Football: Batty foils the Euro sceptics

Every side needs an enforcer. Simon Turnbull assesses a premier pair of passion players
Click to follow
The Independent Online
They have known in Italy of David Batty and his pedigree for as long as has the present manager of the Yorkshire terrier. It was 10 years ago that Kenny Dalglish first made his acquaintance, as a team-mate in the testimonial match held for John Charles and Bobby Collins at Elland Road. "It was shown live on Italian television," Batty recalled. "It shows you how highly they thought of John Charles." Dalglish thought so highly of the teenager alongside him that night he signed him for Blackburn in 1993 and was grateful to find him in the squad he inherited from Kevin Keegan at Newcastle in January. Whether the Italian cognoscenti were batty about the 18-year-old Batty is difficult to say. But they are likely to get the opportunity to judge the 28-year-old in the Stadio Olimpico on Saturday night.

Batty's typecast image has never done his talents true justice. A biting midfielder he may be, but he is a pedigree passer too. Glenn Hoddle, for one, would never range a common or garden ball winner and harrier alongside Paul Ince in one of his midfields and the indications are that the England coach will play them in tandem in the decisive World Cup qualifying match against Italy. "Whether I'll be taking part I don't know," Batty said as he prepared for the Friday morning shift at Newcastle United's Durham training ground. "I'm just looking forward to going out and being part of it. It's every player's ambition to be involved in games like this. We had 100,000 watching us in Kiev on Wednesday night and I said to Warren Barton when we were coming out of the ground, 'This is what it's all about'. You know, when you're kids playing in the street this is what you strive for."

Batty has good reason to savour his big-time nights for club and country on the international stage. In the 51 weeks he spent out of action from April 1994 to April 1995 he feared his career would be ended by a split bone in the side of his right ankle. It was only the last resort of removing the bone, after six months in plaster, that solved a seemingly incurable problem. Batty has added nine caps to his England collection since then, and won over the sceptics who urged Keegan not to buy him.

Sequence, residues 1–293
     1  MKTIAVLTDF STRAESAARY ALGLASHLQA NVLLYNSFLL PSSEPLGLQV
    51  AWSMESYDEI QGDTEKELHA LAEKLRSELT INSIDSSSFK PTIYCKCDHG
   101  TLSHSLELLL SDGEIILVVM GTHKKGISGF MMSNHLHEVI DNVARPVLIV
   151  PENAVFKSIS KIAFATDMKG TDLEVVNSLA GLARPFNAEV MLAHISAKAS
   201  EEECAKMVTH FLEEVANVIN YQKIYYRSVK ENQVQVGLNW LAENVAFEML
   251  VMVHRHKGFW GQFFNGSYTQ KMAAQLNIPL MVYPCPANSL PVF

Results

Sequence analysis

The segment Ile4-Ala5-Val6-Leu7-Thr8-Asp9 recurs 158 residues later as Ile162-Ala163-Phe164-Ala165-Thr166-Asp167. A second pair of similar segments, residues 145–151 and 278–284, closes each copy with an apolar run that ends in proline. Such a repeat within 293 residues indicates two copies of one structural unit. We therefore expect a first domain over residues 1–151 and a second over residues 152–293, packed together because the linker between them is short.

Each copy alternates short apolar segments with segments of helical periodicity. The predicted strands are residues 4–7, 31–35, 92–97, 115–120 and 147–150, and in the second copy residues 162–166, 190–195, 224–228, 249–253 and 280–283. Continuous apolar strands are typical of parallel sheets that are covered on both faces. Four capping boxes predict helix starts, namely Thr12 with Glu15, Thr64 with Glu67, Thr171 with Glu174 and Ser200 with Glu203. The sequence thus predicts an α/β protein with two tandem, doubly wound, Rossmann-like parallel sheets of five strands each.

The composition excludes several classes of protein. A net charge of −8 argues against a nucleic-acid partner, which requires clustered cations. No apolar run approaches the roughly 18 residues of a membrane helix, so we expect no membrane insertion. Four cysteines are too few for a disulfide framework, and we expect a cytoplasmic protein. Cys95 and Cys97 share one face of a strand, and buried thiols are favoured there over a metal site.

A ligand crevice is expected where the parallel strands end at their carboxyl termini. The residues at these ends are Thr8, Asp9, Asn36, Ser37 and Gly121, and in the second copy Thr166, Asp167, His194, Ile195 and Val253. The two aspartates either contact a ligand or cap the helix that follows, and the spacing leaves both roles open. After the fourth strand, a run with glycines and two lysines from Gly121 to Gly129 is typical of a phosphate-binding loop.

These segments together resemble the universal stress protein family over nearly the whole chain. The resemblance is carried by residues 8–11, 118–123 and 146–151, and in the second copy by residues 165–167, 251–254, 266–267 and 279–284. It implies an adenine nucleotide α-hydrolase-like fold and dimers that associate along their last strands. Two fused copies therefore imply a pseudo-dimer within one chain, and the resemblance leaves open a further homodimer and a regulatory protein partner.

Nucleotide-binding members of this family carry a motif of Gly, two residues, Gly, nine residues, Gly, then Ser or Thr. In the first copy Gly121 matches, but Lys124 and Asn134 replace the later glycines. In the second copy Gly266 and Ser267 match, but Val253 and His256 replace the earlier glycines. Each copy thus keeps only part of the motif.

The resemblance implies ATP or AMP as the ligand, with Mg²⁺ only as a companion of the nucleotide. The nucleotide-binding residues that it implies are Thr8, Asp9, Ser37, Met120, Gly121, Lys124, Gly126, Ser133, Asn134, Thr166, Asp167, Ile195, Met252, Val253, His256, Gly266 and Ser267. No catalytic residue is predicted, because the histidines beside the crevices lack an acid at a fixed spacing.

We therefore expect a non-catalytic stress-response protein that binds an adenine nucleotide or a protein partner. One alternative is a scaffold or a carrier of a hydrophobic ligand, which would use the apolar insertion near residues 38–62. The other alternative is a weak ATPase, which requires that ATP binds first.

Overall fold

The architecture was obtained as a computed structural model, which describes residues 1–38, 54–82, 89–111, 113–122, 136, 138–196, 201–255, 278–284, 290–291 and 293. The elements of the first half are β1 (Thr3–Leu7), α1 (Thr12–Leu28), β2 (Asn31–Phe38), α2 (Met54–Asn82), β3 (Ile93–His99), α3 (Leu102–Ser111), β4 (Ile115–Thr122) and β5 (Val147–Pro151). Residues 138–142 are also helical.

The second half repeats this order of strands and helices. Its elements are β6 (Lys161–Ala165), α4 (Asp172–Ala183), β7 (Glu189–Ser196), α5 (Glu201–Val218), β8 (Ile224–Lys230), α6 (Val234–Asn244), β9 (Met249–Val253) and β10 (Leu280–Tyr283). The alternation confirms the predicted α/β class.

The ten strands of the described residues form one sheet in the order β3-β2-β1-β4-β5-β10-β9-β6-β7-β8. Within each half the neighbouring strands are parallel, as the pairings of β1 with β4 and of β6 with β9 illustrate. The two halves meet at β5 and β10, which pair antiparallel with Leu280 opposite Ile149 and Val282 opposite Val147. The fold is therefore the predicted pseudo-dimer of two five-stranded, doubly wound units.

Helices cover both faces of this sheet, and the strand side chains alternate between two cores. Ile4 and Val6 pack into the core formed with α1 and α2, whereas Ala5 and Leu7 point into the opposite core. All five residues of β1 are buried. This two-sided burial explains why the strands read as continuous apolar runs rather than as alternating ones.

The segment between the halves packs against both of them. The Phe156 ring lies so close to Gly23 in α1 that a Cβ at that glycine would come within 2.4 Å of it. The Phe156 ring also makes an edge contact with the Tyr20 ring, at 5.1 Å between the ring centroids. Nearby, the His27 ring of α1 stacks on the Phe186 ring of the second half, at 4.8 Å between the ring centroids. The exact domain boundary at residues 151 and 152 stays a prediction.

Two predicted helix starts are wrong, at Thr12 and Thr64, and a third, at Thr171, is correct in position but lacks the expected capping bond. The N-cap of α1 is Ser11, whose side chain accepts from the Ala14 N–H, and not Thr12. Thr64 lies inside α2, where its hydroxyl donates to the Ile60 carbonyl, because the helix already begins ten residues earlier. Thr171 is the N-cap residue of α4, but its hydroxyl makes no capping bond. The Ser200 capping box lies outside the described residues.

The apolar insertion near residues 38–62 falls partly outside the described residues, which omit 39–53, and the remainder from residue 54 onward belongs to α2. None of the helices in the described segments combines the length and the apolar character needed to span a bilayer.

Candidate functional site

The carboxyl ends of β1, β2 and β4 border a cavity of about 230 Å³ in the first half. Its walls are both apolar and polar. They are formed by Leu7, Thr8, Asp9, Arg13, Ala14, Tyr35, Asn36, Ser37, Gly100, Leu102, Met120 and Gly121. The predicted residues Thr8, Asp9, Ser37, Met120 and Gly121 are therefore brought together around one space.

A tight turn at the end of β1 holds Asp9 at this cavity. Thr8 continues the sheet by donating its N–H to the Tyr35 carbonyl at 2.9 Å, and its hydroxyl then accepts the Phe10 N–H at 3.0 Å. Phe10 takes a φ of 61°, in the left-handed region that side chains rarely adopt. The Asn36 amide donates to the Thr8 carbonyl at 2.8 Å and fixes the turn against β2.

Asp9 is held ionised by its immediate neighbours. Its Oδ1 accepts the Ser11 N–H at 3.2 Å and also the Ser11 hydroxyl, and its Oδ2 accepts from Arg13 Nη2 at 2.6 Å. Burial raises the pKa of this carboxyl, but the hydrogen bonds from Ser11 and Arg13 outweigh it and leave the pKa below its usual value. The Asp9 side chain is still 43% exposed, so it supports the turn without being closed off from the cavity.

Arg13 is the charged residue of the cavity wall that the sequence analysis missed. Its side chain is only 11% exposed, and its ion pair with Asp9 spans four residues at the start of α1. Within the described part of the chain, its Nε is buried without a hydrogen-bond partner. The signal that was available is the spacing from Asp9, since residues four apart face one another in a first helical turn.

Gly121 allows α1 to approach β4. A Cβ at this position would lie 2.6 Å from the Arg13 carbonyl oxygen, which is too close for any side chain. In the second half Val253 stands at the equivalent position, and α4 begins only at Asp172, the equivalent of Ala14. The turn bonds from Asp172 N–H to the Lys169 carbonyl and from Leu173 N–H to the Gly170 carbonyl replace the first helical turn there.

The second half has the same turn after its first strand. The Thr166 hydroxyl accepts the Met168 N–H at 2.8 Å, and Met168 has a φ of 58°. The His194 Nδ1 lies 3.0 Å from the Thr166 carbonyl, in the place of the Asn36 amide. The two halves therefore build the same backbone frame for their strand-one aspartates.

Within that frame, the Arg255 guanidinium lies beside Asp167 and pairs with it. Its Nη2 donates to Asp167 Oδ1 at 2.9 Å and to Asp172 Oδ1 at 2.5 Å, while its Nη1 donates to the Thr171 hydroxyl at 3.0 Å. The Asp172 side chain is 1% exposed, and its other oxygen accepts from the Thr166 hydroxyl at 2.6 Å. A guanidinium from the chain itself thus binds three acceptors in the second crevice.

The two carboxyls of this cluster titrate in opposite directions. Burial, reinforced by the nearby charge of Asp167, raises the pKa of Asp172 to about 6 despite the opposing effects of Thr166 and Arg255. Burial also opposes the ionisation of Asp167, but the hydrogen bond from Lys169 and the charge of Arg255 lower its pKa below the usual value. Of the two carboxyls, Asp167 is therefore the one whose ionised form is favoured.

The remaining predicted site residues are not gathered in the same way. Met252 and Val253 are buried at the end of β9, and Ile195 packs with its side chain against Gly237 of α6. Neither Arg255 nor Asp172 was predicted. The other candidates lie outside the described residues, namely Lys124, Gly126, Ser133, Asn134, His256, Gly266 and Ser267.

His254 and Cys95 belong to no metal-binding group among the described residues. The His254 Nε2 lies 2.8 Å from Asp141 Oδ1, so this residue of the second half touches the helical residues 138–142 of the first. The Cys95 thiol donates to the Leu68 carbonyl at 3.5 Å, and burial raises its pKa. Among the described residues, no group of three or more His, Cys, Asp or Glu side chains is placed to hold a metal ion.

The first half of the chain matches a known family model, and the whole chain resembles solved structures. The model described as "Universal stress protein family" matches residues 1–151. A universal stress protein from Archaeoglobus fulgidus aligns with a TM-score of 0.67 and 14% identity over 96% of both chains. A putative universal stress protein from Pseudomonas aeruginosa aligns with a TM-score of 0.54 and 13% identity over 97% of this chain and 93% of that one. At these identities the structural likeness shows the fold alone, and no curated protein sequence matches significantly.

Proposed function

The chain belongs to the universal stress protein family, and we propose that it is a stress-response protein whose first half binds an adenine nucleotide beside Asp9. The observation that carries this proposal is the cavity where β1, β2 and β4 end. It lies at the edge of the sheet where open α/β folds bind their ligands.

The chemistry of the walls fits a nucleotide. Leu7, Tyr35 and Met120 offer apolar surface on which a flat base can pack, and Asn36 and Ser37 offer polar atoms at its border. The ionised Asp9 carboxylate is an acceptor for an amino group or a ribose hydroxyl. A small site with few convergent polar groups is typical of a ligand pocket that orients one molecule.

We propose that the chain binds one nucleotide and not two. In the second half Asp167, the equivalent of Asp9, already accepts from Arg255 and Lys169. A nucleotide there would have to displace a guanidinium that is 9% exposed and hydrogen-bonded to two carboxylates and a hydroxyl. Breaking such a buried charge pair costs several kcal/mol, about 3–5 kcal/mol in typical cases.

Now he is part of a Newcastle team flying the St George flag with some distinction in the Champions' League, having scalped Barcelona at St James' Park and overturned a two-goal deficit to draw in Kiev, and part of an England squad on the threshold of the World Cup finals for the first time since the heady days of Italia '90. Whether Batty and England negotiate the final hurdle to France '98, however, remains to be seen. Only twice before have England beaten the Italians in Italy and the most recent occasion was seven years before Batty was born. It was in May 1961 that Jimmy Greaves struck the winner in a 3-2 triumph in the Stadio Olimpico.

"You know it's going to be a difficult game against Italy," Batty said, "no matter what year you play them or what the circumstances are. Needing a draw to qualify is a lot better position to be in than going there having to win but it would be a little bit dodgy if we went there to play for a point. You go a goal down and your whole game plan has got to change and sometimes you just can't do that. We've got to go there in a positive frame of mind, looking to win. Italy have got good players throughout their side but we've got some of the best players in Europe."

And that was not the case when Batty made his England debut, as a substitute against the Soviet Union at Wembley in 1991. Entering the latter-day Roman amphitheatre of the Stadio Olimpico with a team of Woods, Stevens, Dorigo, Wise, Parker, Wright (Mark), Platt, Thomas, Smith, Wright (Ian) and Barnes would have had the uncomfortable feel of a throwing to the lions exercise about it. "I think our result against Barcelona and Manchester United's against Juventus have shown that we've learned from the foreigners who have come to England," Batty said. "Club level now is more like international football. It isn't such a big step up to play for England."

Precisely how much the English game has learnt will be clear when Batty and the rest of Hoddle's boys negotiate the big step ahead of them in Rome.

Comments